Pawel Pajor - stock.adobe.com
If causing a cyber security breach is a matter over which one should resign, then to be able to waltz back into the same job barely seven days later is utterly unacceptable, and yet this is exactly what our erstwhile, and now current, home secretary Suella Braverman has done.
On Wednesday 19 October, the day before former prime minister Liz Truss was forced to resign following possibly the most disastrous, and certainly the shortest, premiership in British history, Suella Braverman suddenly resigned from her post as home secretary after being caught breaching the ministerial code by sending official, restricted documents from her personal email account to a fellow MP.
This MP is now known to be veteran right-wing backbencher John Hayes, but he was not the only recipient, as it now appears Braverman also copied in someone who she thought was Hayes’ wife, but was in fact an assistant to another MP, Andrew Percy.
In a pointed resignation letter to Truss, Braverman wrote: “Pretending we haven’t made mistakes, carrying on as if everyone can’t see that we have made them, and hoping that things will magically come right is not serious politics. I have made a mistake; I accept responsibility; I resign.”
This was widely taken as a dig at Truss, the consequences of whose “mistakes” will be felt by ordinary people for years to come, and a call for her to quit. It may not have been the straw that broke the camel’s back, but it won’t have helped.
Yet just six days later, on Tuesday 25 October, with Truss consigned to history and Rishi Sunak elevated to the post of prime minister, Braverman was promptly reappointed to the same post again, and in reappointing the supposedly disgraced home secretary, Sunak and Braverman have made a joke out of the security profession that the government claims to value so much.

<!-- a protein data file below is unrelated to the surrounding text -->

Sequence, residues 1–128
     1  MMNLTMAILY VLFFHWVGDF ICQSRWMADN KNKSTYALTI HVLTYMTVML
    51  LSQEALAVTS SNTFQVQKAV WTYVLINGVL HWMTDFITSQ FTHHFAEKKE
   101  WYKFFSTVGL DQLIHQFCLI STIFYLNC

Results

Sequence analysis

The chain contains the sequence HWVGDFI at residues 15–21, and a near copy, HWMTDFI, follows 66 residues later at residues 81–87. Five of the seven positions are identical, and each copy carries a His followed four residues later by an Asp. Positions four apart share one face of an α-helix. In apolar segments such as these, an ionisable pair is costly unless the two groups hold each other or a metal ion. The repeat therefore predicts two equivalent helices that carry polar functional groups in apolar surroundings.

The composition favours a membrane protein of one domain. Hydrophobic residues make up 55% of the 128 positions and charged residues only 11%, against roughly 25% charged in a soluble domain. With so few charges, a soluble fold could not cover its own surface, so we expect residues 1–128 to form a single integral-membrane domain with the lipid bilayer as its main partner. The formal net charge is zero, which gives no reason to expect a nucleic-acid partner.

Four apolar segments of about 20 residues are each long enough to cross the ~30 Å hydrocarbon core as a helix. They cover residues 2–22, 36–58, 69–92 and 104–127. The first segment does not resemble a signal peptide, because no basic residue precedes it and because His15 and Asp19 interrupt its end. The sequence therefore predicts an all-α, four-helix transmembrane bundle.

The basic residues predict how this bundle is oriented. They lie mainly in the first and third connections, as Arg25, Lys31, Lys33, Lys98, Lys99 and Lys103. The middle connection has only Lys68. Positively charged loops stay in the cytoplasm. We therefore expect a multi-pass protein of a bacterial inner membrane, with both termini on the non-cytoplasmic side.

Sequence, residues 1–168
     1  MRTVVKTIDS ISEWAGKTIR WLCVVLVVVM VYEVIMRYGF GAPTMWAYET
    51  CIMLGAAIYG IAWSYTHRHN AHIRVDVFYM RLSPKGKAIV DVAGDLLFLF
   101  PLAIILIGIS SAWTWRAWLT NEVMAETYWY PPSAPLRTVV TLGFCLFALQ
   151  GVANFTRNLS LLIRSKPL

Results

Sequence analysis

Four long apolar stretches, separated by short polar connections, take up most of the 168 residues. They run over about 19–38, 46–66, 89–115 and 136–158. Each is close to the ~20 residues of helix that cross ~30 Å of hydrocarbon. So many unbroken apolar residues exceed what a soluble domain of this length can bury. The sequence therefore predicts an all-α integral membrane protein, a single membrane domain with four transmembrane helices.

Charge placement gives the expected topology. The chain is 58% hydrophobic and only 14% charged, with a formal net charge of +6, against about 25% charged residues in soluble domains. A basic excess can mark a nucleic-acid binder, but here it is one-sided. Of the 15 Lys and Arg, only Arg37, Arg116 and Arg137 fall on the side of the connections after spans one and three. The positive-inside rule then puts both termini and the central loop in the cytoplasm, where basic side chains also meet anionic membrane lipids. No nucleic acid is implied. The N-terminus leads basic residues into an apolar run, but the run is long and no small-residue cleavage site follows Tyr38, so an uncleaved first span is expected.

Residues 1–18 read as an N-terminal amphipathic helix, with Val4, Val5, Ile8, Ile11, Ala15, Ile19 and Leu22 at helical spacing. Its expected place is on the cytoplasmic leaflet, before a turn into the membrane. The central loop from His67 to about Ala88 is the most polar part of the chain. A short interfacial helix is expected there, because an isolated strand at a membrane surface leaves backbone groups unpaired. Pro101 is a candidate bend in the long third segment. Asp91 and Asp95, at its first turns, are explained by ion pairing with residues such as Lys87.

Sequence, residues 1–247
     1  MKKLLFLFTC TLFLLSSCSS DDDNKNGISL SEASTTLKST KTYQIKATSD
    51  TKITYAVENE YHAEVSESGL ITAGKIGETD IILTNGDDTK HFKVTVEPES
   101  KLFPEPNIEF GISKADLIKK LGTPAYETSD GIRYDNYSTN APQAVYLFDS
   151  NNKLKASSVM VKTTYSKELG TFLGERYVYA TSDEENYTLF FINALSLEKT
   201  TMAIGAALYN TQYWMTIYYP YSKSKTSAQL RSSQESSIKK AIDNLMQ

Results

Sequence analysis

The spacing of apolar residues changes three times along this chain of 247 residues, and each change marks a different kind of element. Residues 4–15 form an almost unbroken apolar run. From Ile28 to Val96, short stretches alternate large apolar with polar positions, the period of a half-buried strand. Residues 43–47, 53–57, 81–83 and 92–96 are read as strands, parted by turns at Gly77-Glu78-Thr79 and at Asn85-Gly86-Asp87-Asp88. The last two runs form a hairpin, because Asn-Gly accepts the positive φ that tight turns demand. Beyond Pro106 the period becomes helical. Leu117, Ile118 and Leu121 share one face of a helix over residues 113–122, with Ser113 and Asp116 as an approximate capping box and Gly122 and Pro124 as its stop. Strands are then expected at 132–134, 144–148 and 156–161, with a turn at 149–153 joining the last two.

In letting this slide, they make it harder for security professionals to justify doing their jobs well, and make it more likely that they will receive pushback from their organisations when they have to make a tough call: “The home secretary used her personal email account to send government documents – so why shouldn’t I use mine to send that invoice?”
Apart from the divers who fix broken undersea network cables, security professionals probably do one of the most demanding jobs in IT, and are frequently ignored and overlooked by their organisational leadership and belittled by those they are supposed to protect.
Too often when speaking to people in the industry, I hear security practitioners complain that they are seen as “that person who says no to everything”. It’s a disheartening statistic, but frustrations over a lack of support and recognition for the job they do were cited by almost a third of those planning to leave the security profession in a recent study conducted by Trellix.
But perhaps more worryingly for British society as a whole, Sunak and Braverman have also risked making it harder for the UK’s intelligence agencies to perform their duties.
GCHQ and hence the National Cyber Security Centre (NCSC) report to the foreign secretary, not the home secretary, but MI5, which carries its own cyber security brief, does report to Braverman.
Although protecting critical systems from cyber threats both foreign and domestic is a far cry from a carelessly sent email to a colleague, any security professional will tell you that the most apparently benign of security slip-ups will let in a nation-state threat actor as easily as it will a financially motivated ransomware gang.
As such, those in charge of defending Britain’s national cyber security must be held to a higher standard.
At the very least, Sunak and Braverman owe the thousands of cyber security professionals, who actually do keep organisations across the UK safe from an unrelenting barrage of threats daily, an apology.
Read more about security professionals
- CIISec’s annual report on the state of the security profession reveals some home truths for security leaders.
- As many as 85% of security staff engage in leisure activities during working hours, but they have excellent reasons for doing so.
- Institute of Cyber Digital Investigations Professionals will help incident responders and cyber investigators get the professional recognition they deserve.